1. Danielle Dax - Cat-House (Awesome)
"Baby baby you're my heart's desire/ got my engine going and my pants on fire".
Seldom did a track in 1988 burst out of your stereo with a sexual statement of intent as direct as that. This phase of Danielle Dax's career is truly fascinating, because while you can reference its gothic edge as well as the glam and faintly psychedelic elements, the simple truth is that it's old fashioned rock and roll sass on a low budget as well. The honking one-note sax riff here hints to that, but so too does - and I almost dare not say this - the almost Meatloafian tail end to the verses just before the chorus kicks in. And if you don't think that kind of camp, biker rock element exists in "Cat-House", just listen to the way Danielle sings "He's the one with my magic key/ knows my road from A to Z" and try to imagine Cher singing it in biker gear. Far fetched? I rather thought not.
So "Cat-House" is ultimately camp, silly, trashy, hard-edged and sassy all at once, and was a much bigger deal at the time than you'd possibly imagine, despite the fact that a lot of elements of it seemed faintly out of step with everything else in 1988. A big part of that is down to the chaos of the chanting chorus, which sounds incredibly "alt" even if the surrounding elements of the track aren't always so, and the fact that Danielle sells the song incredibly well. That so many people expected her to become a fully fledged pop star should probably surprise nobody.
"Cat-House" was a significant track for her, and paved the way for her to be signed to Sire in due course - but we'll be coming across her one more time before then.
2. Joy Division - She's Lost Control (Peel Session) (Strange Fruit)
We all know how this one goes, don't we? I mean, don't we? So too, I think, do we understand the inspiration for the track, and the fact that after "Love Will Tear Us Apart" it's arguably one of Joy Division's most important songs.
Interestingly, the Peel Session version of this track really doesn't contain a great many differences from the final studio version, bar the absence of the faintly disorientating echo effect which permeates through "Unknown Pleasures". It has an added grit and harshness to it, and the guitars are much more at the forefront, but basically all the main elements of the track were clearly in place.
The "Substance" compilation of Joy Division singles and pivotal tracks had not long been issued at this point, along with the re-release of "Atmosphere" with its Corbijn directed video. This meant that Beechwood clearly could have legitimately included "Atmosphere" on this compilation as a very recent large indie hit, but obviously didn't. Whether this was due to Factory Records not coming up with a favourable enough deal, I don't know - although it is notable that Factory singles crop up relatively infrequently throughout this series, which does suggest that the label clearly didn't have as sympathetic a relationship with the series as other indies at the time (except Creation, which has been utterly absent from the series all the way along so far).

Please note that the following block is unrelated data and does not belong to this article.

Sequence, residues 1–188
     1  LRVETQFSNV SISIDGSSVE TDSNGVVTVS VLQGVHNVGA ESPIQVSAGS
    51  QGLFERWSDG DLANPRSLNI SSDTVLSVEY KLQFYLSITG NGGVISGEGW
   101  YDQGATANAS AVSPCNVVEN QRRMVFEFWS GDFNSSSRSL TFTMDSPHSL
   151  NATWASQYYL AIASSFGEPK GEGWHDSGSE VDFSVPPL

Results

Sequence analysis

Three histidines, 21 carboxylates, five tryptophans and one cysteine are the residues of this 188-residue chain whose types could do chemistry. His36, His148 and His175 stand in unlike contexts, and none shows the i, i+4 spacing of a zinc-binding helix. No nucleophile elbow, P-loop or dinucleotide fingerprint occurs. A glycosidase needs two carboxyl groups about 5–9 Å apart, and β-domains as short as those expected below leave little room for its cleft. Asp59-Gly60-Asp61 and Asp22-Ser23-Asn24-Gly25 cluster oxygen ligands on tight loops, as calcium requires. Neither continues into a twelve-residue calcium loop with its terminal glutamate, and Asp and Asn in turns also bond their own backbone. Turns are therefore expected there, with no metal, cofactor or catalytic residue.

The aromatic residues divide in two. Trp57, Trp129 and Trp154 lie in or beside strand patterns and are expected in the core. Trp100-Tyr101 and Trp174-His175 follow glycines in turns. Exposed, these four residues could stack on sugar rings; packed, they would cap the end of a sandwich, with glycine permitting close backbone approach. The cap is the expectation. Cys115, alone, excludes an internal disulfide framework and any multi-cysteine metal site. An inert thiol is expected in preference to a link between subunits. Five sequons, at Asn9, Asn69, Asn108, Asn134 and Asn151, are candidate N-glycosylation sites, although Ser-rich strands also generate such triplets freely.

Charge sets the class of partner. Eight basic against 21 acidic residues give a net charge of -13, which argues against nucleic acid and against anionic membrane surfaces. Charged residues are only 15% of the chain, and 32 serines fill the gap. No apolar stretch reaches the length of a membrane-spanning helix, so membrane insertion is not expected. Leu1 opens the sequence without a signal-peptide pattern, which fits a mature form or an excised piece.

3. Loop - Collision (Chapter 22)
Harsh, minimal and grating, Loop were a surprisingly big deal in the late eighties for a band so awkward. Sounding faintly like Suicide with distorted, effects-laden guitars instead of synths at times, or the most shimmering, three-chord, droning psychedelia, they were certainly a unique prospect. Comparisons with The Jesus and Mary Chain were inevitable, but Loop could never (or at least, would never) have written "Some Candy Talking" or "April Skies" - compared to Loop, JAMC were The Reynolds Girls, pure Top of the Pops fodder.
"Collision" is a lovely drone as well, which if sped up a bit more could easily be as contagious as the most nagging krautrock tracks.
Loop would continue to make their presence felt until 1990, after which point they split.
4. Christian Death - Church of No Return (Jungle)
Oh please no. Please don't make me listen to this again. It's just so fucking silly.
Christian Death began life in 1979 under the guiding hand of Rozz Williams, who eventually left the group in 1985 to pursue more experimental paths. The lead guitarist Valor Kand took control, and as a result there are fans of the group who argue that all post-85 material is null and void, in the way that some Pink Floyd fans believe that post-Waters material (or even post-Barrett material) is not "proper Floyd".